When you get it back out you will be able to see it as a work of literary fiction instead of “your precious”.  You can see the POV errors and the extra background that really isn’t germane to the story.  You can see the bad dialogue tags and the dreaded adverbs and poor word choices.  You can see the poorly written sentences, and maybe there are chapters that really don’t even need to be there.  At the very least they need to be massively trimmed and combined with another part somewhere else.  It is eye opening … really.  Put that sucker away!  Don’t touch it!  Ah..I see you going back to look at it, I said leave it alone.

Anyway, as an aside, I’m also in the process of applying for a Master’s program in writing, so I had to put some finishing touches on some writing and then write a Letter of Intent.  It was kinda fun actually. I’m shooting for the Seton Hill University Master of Fine Arts in Writing Popular Fiction degree.  It is a distance learning program that will only require me to spend 5 days each semester on campus.  That works great for my busy lifestyle.   The cool thing is it is designed for you to have a publishable novel length book at the end of the program.  I’m very excited about it and have my fingers crossed to get in.  It’s a small Catholic university near Pittsburg, so it’s also driving distance, at least until I move.

I hope you are all having great fortune in your writing and reading!

Clear Ether!

 

Review – Confessions of a Freelance Penmonkey by Chuck Wendig

I’m reading Chuck Wendig’s book on writing, CONFESSIONS OF A FREELANCE PENMONKEY, and it’s not only chock full of good writing tips but is also very entertaining.  He has a flair for metaphor and colorful language, so be warned.  But, I absolutely love Chuck Wendig, he is irreverent and cheeky  and is genuinely funny.  One of the things I’ve plucked out of the reading is something I didn’t really have in mind when writing the book, but I think it’s instrumental in creating a story that is engrossing and something that will draw the reader to the next page.  That something is tension, or more precisely, building the tension.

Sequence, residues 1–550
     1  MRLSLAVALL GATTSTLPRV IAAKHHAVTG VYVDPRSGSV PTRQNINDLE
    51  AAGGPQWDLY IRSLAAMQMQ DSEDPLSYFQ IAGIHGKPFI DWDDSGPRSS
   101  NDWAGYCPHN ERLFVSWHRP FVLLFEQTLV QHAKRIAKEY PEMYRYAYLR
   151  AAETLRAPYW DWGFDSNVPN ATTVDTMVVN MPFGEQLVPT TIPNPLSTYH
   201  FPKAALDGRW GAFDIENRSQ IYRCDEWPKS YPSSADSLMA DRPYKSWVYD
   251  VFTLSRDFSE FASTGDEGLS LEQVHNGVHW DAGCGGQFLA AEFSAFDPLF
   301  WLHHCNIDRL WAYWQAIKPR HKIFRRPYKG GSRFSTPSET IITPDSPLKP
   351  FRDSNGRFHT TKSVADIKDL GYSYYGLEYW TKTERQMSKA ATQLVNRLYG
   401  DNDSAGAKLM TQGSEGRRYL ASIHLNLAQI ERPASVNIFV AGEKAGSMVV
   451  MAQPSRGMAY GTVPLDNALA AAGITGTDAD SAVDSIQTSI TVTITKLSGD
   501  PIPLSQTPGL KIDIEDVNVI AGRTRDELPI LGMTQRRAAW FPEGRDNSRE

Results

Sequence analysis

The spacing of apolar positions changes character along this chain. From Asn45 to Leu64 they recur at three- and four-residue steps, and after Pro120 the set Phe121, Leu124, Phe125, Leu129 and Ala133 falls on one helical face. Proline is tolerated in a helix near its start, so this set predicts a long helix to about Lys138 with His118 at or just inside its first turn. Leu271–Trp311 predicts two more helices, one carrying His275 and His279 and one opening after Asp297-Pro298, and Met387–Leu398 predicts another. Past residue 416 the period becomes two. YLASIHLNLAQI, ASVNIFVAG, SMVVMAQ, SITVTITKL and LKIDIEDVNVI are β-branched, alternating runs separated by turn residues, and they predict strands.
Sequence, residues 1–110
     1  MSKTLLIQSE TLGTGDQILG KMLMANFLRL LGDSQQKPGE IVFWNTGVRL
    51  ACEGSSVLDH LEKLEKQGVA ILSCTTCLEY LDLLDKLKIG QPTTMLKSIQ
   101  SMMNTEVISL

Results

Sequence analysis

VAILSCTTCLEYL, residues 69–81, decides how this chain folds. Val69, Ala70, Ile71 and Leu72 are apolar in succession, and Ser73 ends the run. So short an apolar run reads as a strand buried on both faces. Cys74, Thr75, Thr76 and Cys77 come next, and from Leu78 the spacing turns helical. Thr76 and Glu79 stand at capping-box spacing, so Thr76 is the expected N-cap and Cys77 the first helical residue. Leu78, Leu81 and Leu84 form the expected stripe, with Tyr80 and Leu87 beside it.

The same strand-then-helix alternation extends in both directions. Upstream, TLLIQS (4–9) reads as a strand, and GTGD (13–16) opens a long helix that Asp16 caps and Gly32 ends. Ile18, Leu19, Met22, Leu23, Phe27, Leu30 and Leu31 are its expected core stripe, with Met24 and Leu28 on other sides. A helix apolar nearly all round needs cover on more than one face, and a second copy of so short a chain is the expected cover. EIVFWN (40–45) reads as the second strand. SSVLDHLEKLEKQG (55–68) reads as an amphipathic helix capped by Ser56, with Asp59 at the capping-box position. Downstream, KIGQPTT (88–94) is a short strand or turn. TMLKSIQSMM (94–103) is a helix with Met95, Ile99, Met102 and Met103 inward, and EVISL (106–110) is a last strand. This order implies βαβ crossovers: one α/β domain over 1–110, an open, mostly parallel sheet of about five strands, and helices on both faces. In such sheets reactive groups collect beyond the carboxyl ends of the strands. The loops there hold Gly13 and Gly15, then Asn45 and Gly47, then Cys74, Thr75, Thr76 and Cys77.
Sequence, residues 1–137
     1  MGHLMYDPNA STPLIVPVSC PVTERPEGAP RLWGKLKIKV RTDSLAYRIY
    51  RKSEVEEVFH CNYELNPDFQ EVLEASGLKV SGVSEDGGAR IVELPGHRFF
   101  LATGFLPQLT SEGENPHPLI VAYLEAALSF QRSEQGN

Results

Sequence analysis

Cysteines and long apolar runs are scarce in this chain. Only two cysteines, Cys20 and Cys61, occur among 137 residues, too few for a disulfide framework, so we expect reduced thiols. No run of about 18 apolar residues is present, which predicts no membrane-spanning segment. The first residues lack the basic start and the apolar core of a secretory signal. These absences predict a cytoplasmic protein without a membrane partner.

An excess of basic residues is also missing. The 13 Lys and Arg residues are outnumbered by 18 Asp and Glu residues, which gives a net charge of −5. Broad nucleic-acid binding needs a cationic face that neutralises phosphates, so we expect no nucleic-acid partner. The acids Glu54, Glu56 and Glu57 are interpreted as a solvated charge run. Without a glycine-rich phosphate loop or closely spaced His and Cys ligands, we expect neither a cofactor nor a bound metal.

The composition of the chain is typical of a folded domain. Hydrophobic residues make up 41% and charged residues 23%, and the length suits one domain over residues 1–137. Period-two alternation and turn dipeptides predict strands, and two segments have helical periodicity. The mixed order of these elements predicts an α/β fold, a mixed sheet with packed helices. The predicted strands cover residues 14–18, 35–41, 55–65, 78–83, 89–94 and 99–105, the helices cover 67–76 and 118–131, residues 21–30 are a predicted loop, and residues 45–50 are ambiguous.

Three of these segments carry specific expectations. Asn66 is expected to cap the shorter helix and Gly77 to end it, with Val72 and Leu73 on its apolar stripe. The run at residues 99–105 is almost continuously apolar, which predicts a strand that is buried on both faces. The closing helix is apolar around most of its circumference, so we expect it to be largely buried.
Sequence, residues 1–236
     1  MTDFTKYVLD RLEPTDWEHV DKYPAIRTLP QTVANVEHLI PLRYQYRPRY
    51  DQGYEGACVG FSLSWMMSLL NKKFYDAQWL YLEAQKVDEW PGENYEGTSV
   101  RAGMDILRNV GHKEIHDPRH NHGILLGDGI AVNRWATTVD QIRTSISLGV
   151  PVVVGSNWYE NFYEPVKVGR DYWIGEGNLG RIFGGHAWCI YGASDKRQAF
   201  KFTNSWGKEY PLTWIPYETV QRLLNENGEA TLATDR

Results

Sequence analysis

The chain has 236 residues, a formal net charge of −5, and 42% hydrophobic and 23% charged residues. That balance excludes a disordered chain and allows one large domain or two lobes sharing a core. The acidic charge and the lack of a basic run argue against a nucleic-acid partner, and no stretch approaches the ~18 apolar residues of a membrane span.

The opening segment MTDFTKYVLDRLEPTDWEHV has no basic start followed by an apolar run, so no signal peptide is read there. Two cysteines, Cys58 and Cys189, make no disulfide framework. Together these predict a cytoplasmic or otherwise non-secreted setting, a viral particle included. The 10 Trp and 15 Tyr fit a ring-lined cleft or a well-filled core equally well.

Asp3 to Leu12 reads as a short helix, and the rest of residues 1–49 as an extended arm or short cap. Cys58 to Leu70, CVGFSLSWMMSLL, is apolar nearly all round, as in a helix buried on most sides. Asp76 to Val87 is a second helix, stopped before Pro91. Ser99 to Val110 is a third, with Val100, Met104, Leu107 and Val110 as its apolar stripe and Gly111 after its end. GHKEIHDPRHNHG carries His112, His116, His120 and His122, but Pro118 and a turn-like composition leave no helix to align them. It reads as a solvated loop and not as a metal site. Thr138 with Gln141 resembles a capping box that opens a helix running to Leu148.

It should start out slow but the tension should build incrementally to a simmering boil until the climax where it should … climax.  I’ve made some notes and know where I need to work it in.  It shouldn’t hit you in the face, but be a subtle increase until you can feel it as the reader.   

I’ve also been thinking about the follow-on stories.  Once I print this, I can’t really go back and change it to make it fit the story arc better (well I could if I self-pub this but that is not how I’m going to roll), so I’m trying to figure that stuff out now so I can bring in some foreshadowing or more importantly make sure the right characters are following a story arc.  I’m not an outliner normally but I can definitely see the need for it, especially for a series of books where you have overlapping characters and an overarching story arc that needs to be built in.   I’m making progress on both fronts, revising/editing and developing the plotline for books two and three.  There’s lots of lines of backstory on the cutting room floor.    

 
Clear Ether!

World of Warcraft is the Bane of Productivity!

I have to come clean.  I’m addicted to World of Warcraft.  That’s the first step, right?  Back before I started writing my novel, I mean years and years before I pretty much didn’t do anything productive with my free time.  I played Massive Multiplayer Online games.  I’ve played a lot of them, starting with the old Neverwinter Nights game on AOL, Meridian 59, Ultima Online, Dark Age of Camelot, Everquest, Star Wars Galaxies, Everquest 2 and then the mother of all of them … World of Warcraft.  That’s not even all of them but you get the idea.  I played WoW for probably close to 4 years then finally tired of it and started writing in my spare time instead.  I can’t tell you how good it made me feel to do something at least semi-productive with my “free” time. 

But I did it.  A few weeks ago I went back in to WoW to try the new expansion.  My kids did it first, then my wife and she said it was fun.  One of my coworkers, who plays a lot, said it was fun.